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The question has come up many times here as to what is music.

Isn't that questioned answered by what you compose?

Isn't what you write a reflection of what you believe music is

and/or should be. Or are you merely imitating the efforts and

precedents established by others. This is not to suggest that

imitation and following an established form is a bad thing.

Compared to the number of composers, revolutionary innovators

are few and far between from an historical perspective.

Regardless, there are certain elements of sound and sounds that

seem to separate music from 'noise', and acceptance can be

both individual and regional.

Is there any one common characteristic, across the globe, that

qualifies and separates music from noise?

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+1 with Kristofer here.

It might be fun for a while to engage in this sort of debate, but ultimately it's the doing of composing and not the talking about it that will lead you to the definition of what you want music to be. Ultimately, we all write what we want to hear.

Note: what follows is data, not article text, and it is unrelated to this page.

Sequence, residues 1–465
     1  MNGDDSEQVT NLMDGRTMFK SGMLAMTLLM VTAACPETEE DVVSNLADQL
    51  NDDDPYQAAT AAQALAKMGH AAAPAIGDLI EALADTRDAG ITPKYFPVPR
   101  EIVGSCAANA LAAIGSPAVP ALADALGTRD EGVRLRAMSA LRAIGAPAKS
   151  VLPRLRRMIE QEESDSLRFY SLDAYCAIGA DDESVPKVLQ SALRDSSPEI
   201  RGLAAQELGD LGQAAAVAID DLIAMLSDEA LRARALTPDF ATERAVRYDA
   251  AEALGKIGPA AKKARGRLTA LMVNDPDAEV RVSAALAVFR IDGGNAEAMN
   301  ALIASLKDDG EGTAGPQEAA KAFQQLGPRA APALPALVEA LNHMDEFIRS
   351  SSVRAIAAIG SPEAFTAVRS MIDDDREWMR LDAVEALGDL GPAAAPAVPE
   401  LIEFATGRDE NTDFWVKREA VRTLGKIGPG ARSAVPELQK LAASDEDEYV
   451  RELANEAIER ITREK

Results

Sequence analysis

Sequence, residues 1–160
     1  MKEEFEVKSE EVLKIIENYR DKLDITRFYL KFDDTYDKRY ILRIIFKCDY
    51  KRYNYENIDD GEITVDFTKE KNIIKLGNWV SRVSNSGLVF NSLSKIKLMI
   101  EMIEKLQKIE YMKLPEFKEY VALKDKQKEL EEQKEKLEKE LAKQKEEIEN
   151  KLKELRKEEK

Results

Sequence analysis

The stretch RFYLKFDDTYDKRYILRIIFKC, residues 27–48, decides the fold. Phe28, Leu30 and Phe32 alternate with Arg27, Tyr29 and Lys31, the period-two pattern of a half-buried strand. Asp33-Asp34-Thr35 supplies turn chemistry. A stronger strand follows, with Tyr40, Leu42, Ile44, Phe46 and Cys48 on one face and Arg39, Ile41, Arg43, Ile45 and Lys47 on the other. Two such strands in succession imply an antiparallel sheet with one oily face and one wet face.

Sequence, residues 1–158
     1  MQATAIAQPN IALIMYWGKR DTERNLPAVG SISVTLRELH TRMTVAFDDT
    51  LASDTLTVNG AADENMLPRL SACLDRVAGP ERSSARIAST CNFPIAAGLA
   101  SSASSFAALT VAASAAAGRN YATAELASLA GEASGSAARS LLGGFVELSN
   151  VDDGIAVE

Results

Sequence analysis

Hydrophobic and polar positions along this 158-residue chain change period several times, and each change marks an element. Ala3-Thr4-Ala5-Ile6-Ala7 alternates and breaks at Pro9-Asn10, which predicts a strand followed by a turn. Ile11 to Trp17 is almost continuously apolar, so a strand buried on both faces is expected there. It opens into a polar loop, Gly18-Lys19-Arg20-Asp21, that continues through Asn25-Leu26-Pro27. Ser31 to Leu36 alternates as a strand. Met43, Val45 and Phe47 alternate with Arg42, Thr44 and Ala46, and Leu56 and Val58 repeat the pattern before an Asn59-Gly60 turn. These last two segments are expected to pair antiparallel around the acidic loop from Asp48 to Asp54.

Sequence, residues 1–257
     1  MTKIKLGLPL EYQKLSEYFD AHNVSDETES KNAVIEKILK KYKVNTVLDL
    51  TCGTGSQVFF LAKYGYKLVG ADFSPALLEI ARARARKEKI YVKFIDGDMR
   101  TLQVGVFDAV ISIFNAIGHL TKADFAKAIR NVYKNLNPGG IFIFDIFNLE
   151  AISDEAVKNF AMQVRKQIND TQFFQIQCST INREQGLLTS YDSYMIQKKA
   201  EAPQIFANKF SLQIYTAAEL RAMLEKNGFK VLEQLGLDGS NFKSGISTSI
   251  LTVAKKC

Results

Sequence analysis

Kristofer Emerig said:

The first questions to be asked, before attempting to define music, is whether any such definition could meaningfully exist, and if so, what pragmatic purpose such a definition could possibly serve. In order for me to give a damn whatsoever about someone's opinions on the art of composing, their works must first lend their words credibility.

Gregorio, Ingo and Mike, What started out as a developing civil discussion

has once again been hi-jacked by egotistical assholes. We were actually

getting somewhere and developing a friendly, constructive dialogue.

Apparently those who believe there is no point in this discussion want to

stomp it down and ruin it for those of us that do want to pursue it.

I wonder if they even took the time to read the original post, much less

address it.

 

Ingo, thank you for your thoughts.

you mention -

  "The "personalized ecstasy" that I so casually threw out would be individual and real time,  compositions that instantly respond to mood changes and interests, kind of sci-fi at this point. Dishonest? Yes, and crazy too, but also commercially irresistible, a definite future possibility for the direction of music. "